Friday, August 5, 2011

Zhan Zhuang for stroke patients

Recently I had an opportunity of visiting the physiotherapy department of a local public hospital in Hong Kong. The department looked like a big gym with many patients busily doing whatever they had to do with the help of the therapists and their assistants. What impressed me most was this special bed on which a stroke patient was tied and the bed slow raised him up until he was in an upright standing position.

The stoke patient had his onset just a few days ago totally paralyzing his left side. The attending physiotherapist said the patient would do some special hand exercise, sitting posture in addition to this stand-up exercise. The only instruction by the physiotherapist was for the patient to hold his head upright: don't fall forward, and don't fall backward, i.e. hold it in dynamic equilibrium at the centre. I saw the patient only able to hold this position for some five minutes. And the therapist accepted his effort. In other words, it took all the trouble to set up the stand-up exercise for just five minutes of exercise! Well, it got to deliver good results, otherwise why bothered?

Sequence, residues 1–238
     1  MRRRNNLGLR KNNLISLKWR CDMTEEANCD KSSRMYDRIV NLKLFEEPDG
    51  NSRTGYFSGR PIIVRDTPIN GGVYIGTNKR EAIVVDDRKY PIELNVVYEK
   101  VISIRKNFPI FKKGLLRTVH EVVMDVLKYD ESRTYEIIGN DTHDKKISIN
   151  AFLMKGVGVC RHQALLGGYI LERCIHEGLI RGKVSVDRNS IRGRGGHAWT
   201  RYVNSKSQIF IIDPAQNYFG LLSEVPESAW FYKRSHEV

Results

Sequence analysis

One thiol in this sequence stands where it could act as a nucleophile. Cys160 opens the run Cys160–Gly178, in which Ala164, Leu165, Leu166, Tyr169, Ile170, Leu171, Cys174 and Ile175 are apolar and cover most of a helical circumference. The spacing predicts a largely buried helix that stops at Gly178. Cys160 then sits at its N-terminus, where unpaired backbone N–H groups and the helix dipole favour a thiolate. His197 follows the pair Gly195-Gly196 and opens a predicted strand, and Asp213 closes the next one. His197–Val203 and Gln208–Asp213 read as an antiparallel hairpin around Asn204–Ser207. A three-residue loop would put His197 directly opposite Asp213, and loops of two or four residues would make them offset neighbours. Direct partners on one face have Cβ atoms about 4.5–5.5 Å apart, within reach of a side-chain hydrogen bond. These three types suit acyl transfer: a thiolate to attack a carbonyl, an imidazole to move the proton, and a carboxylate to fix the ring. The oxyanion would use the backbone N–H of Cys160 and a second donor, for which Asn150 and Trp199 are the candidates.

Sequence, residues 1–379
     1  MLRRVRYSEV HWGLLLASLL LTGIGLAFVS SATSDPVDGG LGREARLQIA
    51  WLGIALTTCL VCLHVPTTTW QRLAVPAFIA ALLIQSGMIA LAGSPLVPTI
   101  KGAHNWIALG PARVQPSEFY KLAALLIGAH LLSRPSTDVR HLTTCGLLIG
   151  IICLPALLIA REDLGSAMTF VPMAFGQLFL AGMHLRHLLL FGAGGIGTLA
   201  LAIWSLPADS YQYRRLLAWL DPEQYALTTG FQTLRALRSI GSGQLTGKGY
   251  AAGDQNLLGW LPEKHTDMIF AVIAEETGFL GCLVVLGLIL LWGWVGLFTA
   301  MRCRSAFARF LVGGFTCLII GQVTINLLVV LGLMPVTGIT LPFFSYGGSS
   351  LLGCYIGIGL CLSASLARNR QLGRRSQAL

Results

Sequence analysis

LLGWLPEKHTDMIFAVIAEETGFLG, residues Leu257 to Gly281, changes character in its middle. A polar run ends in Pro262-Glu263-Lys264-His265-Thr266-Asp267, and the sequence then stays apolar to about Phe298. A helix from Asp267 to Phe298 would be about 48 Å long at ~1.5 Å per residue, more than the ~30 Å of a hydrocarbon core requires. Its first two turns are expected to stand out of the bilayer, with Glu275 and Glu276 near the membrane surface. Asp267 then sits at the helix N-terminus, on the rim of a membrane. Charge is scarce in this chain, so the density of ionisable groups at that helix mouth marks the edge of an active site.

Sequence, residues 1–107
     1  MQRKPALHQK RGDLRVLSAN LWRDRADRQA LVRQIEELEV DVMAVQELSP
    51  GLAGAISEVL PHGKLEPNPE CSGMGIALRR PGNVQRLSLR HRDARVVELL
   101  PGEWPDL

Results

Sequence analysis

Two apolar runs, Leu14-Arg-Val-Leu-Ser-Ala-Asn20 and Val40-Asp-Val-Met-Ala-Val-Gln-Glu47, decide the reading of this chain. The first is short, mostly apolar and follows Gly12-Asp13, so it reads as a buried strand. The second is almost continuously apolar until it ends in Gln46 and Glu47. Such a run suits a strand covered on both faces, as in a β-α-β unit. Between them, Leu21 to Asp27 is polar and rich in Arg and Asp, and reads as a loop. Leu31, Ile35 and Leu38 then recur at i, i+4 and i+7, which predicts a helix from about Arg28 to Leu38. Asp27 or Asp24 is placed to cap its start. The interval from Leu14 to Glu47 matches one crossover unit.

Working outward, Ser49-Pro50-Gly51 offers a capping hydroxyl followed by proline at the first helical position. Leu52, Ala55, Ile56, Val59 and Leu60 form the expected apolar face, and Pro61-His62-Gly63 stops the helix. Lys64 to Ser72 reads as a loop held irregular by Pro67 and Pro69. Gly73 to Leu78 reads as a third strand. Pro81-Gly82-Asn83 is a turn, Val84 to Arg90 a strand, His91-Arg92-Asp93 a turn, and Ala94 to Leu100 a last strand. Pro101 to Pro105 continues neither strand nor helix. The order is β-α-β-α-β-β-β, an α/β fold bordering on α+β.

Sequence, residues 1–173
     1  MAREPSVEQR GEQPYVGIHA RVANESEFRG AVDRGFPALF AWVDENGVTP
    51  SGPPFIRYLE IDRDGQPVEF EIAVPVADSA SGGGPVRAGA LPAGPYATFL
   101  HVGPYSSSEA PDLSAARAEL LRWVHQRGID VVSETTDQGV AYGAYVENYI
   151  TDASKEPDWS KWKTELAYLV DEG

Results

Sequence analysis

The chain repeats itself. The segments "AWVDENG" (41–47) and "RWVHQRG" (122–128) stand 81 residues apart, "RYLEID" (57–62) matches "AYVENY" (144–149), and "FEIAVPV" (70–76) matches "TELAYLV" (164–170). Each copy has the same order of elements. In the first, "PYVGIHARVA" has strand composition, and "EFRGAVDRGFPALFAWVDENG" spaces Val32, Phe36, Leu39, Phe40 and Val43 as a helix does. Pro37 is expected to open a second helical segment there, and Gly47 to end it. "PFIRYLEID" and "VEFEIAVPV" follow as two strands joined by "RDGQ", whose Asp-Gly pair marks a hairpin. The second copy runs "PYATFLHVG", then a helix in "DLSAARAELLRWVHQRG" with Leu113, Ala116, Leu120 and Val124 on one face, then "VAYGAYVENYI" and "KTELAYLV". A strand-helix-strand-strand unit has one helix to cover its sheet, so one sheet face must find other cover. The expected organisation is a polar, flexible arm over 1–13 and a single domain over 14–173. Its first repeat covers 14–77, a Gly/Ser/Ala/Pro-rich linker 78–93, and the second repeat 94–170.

And it does. What the stroke person did was essentially zhan zhuang. And what the patient was required to do is exactly the same as an important Tai-chi essential: "Hanging head (頂頭懸)" - as if one were hanging by one's hairs or one's hand were trying to balance something heavy. It is an essential requirement for doing zhan zhuang and doing the tai-chi Form. For those practitioners who still can't get it, they may perhaps learn from the stroke patient and imagine themselves to be very weak and have to try every subtle effort and attention to keep their head upright: in dynamic equilibrium.

A standing bed

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